Effect of Active Vitamin D and Etelcalcetide on Human Osteoclasts in Patients With Chronic Kidney Disease (RENOCLASTE)

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Civil Hospices of Lyon




Chronic Kidney Diseases
Bone Disorder


Other: Measure of etecalcetide on osteoclastic biology

Study type


Funder types



2017-A03241-52 (Other Identifier)

Details and patient eligibility


The optimal management of mineral and bone disorders associated to chronic kidney disease (CKD-MBD) is a daily challenge for nephrologists. Its consequences may be immediate (biological abnormalities such as hypocalcemia, hyperphosphatemia, hyperparathyroidism, etc.) or delayed (fractures, renal osteodystrophy, vascular calcifications, increased morbi-mortality and growth retardation in the youngest patients). CKD-MBD is defined by the association of one or more of the following abnormalities: 1/ disturbances in calcium, phosphate, PTH or vitamin D metabolism, 2/ bone and growth abnormalities, and 3/ calcifications of vessels or soft tissues . Three main bone characteristics can be modified by CKD, namely turnover, mineralization and volume. They should therefore be carefully assessed to distinguish between the different sub-types of renal osteodystrophy, as defined in the 2006 K-DIGO guidelines on the TMV classification . The primary bone lesion in pediatric CKD, at least in pediatric patients reaching end-stage renal disease without any previous management, is the high-turnover/hyperparathyroidism, because of high circulating PTH levels with low 1-25 vitamin D levels. Conversely, low turnover (or adynamic bone) may be observed in dialysis children receiving too much calcium and/or vitamin D analogs. All these lesions are deleterious on the long-term, increasing both the risk of growth retardation, fractures and vascular calcifications . In order to better understand the complex pathophysiology of renal osteodystrophy, biomarkers of bone and phosphate/calcium metabolism may be used, but their interpretation may be challenging in the context of CKD. The gold standard remains bone biopsy at the iliac crest with histomorphometry, but it is rarely performed in Europe . The research team of this study has developed and validated a unique non-invasive technique to differentiate circulating human monocytes into mature and functional osteoclasts, using only 15 mL of total blood (instead of conventional techniques they used to use, with 200 to 250 mL of total blood). They propose to use this innovative tool in the specific setting of CKD. The current management of CKD-MBD consists mainly of correcting native vitamin D deficiency, decreasing phosphate levels (using nutritional management and phosphate-binders), and decreasing PTH levels (using active vitamin D, calcimimetics such as cinacalcet and etelcalcetide, and/or surgical parathyroidectomy) . Active vitamin D analogs and calcimimetics are cornerstone of this management. The first working hypothesis is the following: when CKD progresses and glomerular filtration rate (GFR) decreases, 1-25-D is able to inhibit osteoclastic differentiation, however to a lesser extent to what is observed in healthy controls with normal renal function. The second working hypothesis is therefore the following: etecalcetide could be an inhibitor of osteoclastic resorption and a stimulator of osteoblastogenesis. When CKD worsens and GFR decreases, etelcalcetide inhibits osteoclastic differentiation, however to a lesser extent to what is observed in subjects with normal renal function. Aims In Vitro 1. Effects of 1-25-D and etecalcetide on human osteoclastogenesis and osteoclastic resorption (in cells obtained from CKD patients at different stages of CKD) 2. Effects of 1-25-D and etecalcetide on murine osteoblastogenesis and mineralization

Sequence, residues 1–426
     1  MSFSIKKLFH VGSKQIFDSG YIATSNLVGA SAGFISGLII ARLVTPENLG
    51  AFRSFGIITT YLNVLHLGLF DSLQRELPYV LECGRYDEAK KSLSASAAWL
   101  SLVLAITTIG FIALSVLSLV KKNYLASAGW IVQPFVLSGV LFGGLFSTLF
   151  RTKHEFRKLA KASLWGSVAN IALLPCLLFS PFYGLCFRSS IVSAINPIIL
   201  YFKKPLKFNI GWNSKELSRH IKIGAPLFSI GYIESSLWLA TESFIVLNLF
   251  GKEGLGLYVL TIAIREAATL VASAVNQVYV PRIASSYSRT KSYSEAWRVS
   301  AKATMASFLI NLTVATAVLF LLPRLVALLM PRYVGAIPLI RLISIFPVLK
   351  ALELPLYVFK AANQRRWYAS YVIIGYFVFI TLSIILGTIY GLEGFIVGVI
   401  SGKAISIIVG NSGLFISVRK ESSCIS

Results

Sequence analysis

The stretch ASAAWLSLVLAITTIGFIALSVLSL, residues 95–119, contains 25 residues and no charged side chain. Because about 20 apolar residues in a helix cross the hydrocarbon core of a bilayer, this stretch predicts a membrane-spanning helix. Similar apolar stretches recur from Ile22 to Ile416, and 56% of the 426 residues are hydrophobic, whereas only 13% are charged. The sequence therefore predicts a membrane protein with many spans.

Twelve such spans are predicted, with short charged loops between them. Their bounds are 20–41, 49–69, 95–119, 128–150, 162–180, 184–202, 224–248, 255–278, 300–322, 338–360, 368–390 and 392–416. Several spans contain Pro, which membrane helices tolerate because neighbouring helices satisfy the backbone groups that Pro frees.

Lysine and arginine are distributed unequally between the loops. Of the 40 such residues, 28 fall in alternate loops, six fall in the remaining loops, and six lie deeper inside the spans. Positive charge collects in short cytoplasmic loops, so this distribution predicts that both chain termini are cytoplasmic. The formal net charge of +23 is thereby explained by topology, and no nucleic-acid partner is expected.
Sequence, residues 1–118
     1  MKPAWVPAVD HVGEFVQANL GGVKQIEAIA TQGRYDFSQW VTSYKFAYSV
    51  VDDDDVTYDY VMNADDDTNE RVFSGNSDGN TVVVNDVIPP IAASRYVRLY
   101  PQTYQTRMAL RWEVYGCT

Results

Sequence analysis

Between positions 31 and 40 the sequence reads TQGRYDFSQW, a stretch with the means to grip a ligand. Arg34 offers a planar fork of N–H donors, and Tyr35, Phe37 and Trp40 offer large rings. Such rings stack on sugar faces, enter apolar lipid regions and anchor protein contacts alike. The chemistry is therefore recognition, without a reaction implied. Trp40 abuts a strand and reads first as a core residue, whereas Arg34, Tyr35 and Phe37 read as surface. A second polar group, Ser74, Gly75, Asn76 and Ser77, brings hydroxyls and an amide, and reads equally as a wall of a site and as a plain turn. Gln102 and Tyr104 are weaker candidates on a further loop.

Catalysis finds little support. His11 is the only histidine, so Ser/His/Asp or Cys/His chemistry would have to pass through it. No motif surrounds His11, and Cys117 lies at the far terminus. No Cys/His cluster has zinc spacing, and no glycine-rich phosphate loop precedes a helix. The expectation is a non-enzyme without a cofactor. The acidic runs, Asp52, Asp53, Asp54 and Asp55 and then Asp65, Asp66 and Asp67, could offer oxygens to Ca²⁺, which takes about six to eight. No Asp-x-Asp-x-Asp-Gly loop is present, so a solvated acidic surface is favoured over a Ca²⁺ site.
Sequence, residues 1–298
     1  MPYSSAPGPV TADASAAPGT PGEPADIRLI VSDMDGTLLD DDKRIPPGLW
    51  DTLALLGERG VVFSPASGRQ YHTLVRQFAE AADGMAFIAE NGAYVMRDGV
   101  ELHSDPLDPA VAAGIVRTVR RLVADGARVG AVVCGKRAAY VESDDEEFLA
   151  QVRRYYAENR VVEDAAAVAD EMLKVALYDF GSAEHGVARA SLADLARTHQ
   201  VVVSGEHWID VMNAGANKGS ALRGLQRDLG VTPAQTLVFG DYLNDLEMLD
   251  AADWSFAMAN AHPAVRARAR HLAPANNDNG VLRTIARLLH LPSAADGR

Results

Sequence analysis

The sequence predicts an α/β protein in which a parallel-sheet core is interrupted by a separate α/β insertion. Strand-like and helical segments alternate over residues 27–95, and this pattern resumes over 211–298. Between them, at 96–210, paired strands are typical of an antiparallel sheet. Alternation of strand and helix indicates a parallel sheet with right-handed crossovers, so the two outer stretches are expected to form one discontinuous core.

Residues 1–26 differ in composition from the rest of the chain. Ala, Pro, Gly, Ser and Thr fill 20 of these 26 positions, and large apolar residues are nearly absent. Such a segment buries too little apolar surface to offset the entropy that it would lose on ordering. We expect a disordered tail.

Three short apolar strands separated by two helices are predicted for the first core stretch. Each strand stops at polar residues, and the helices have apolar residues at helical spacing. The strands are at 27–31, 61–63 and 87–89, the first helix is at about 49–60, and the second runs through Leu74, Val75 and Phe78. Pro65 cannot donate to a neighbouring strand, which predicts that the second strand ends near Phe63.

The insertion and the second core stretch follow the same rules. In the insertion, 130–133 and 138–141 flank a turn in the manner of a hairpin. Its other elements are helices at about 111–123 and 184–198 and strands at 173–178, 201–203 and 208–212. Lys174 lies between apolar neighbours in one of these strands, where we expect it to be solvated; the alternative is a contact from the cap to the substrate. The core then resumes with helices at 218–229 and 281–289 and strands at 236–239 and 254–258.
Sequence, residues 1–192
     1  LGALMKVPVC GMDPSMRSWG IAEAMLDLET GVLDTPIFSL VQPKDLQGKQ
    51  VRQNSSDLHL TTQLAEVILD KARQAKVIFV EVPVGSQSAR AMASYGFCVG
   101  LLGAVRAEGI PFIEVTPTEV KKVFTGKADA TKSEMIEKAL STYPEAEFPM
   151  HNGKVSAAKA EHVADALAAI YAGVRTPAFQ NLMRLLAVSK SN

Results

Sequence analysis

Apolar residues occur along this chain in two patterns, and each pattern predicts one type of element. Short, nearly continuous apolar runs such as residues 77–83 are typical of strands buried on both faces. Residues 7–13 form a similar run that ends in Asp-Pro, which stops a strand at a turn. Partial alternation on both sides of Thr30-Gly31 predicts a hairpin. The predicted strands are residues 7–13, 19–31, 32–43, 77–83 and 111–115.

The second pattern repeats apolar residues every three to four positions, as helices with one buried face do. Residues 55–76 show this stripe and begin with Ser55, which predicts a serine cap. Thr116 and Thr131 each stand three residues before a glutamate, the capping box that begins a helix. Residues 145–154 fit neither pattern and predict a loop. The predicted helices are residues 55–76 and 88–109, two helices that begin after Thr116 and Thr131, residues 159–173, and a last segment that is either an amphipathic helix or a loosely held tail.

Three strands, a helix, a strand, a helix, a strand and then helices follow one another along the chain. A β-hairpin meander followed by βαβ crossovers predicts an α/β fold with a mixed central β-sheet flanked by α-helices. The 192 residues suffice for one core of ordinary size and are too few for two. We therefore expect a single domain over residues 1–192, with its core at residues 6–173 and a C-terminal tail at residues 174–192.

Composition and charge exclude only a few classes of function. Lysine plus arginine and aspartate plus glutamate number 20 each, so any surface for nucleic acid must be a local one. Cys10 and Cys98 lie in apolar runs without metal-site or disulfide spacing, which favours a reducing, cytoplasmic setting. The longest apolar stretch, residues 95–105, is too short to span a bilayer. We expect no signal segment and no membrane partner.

21 patients




2 to 18 years old


No Healthy Volunteers

Inclusion criteria

  • Child of age> 2 years old and <18 years old.
  • Child over 10 kg having a blood sample as part of the treatment (due to regulatory constraints for blood volume taken by 30-day period of 40 mL in children over 10 kg)
  • Child with chronic kidney disease followed in the pediatric nephrology department of the "Hôpital Mère Enfant" in Bron.
  • Child and parent / holder of parental authority who has been informed of the study and does not object to participate

Exclusion criteria

  • Bone damage associated with genetic renal disease known to induce specific bone involvement: oxalosis, cystinosis, Pierson syndrome, paracellin mutation, dominant polycystic disease
  • Treatment in progress that may have a specific impact on the bone: growth hormone, bisphosphonates, teriparatide.

Trial contacts and locations



Data sourced from clinicaltrials.gov

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